Mild cases will be handled with a focus on supportive care. Your vet may prescribe a cough suppressant to help reduce the frequency and severity of your dog's cough. Anti-inflammatory medications may also be prescribed. If your dog's case of kennel cough is caused by the Bordetella bronchiseptica bacteria, antibiotics can help fight the pathogen. 

You'll probably need to make sure your dog gets plenty of rest. Keep walks short, and prevent your dog from running and playing vigorously. This gives Fido's immune system time to fight off the infection, and it lets the windpipe and respiratory tract recover from the coughing. It will also be important to keep your dog hydrated with plenty of fresh water. You can also try adding some dog-safe bone broth to your dog's meals to add a little extra moisture and nutrition. Native Pet's Bone Broth Topper is a great choice. 

You might also consider setting up a small humidifier near your dog while they're resting. This will moisten the air they breathe, which can help soothe the respiratory tract and keep coughing to a minimum. 

Serious Cases

If severe kennel cough symptoms like lethargy, retching, breathing trouble, or loss of appetite are present, more hands-on treatment at the vet's office will be required. An extended hospital stay, intravenous fluid therapy, and oxygen supplementation may be needed. Antibiotics to fight off secondary infections (infections that affect your dog in addition to the original infectious agent that caused kennel cough) are sometimes prescribed. Cough suppressants and anti-inflammatories will probably be administered as well.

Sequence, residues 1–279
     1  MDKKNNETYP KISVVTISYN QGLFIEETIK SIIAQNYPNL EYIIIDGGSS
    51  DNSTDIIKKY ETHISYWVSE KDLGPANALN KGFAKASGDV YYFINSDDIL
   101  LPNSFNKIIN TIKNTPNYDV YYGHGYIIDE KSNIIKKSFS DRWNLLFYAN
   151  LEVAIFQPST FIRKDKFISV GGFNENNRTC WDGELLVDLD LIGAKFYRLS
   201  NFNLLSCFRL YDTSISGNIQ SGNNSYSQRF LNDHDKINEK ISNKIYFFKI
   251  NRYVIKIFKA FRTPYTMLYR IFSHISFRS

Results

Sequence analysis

Most dogs take between one and three weeks or so to recover from a mild case of kennel cough, and even longer (up to six weeks or so) in severe cases. Keep in mind, however, that mild clinical signs (coughing, primarily) can linger for several weeks after the infectious agent has been eliminated. 

Can Kennel Cough Be Prevented?

beagle looking at a syringe

While kennel cough can't necessarily be prevented in every case, there are steps that pet owners can take to make it far less likely. Your dog will typically be vaccinated against some of the common pathogens that cause kennel cough, like adenovirus and canine influenza. These are usually given when your dog is still a puppy, along with other core vaccines like the canine distemper virus vaccine.

There is also the Bordetella vaccine. It's not given to every dog, but it’s often recommended for dogs who are commonly boarded or groomed. It's also a good idea for dogs who will frequently interact with other dogs, whether it's at a doggie daycare, dog parks, or dog shows. 

The Bordetella vaccine can be given by injection like other vaccinations, or it can be administered via intra-nasal drop.

What Do I Do if I Spot Kennel Cough Symptoms?

If you spot the telltale sign of kennel cough — a dry, hacking, honking cough that almost sounds like a goose honk — or other kennel cough symptoms like sneezing or minor nasal discharge, you'll want to let your vet know.

Most of the time, cases of kennel cough are mild and your dog will recover on their own. You should still check with your vet, as they can prescribe cough suppressants and offer advice on keeping your dog comfortable as he or she recovers. 

If you see more severe kennel cough symptoms like loss of appetite, retching, lethargy, or labored breathing, your dog may need urgent veterinary attention. Take your infected dog to the vet's office for help. An extended hospital stay with close professional monitoring might be necessary. 

If your dog commonly spends time around other dogs, especially in a crowded facility like a daycare, groomer's office, animal shelter, or boarding kennel, it's worth asking your veterinarian about the Bordetella vaccine. You should also check that your dog has been vaccinated against other common causes of kennel cough, like adenovirus and parainfluenza. These vaccines make it far less likely that your dog will contract a case of kennel cough. 

For more insights into your dog's health and wellness, visit the Native Pet blog.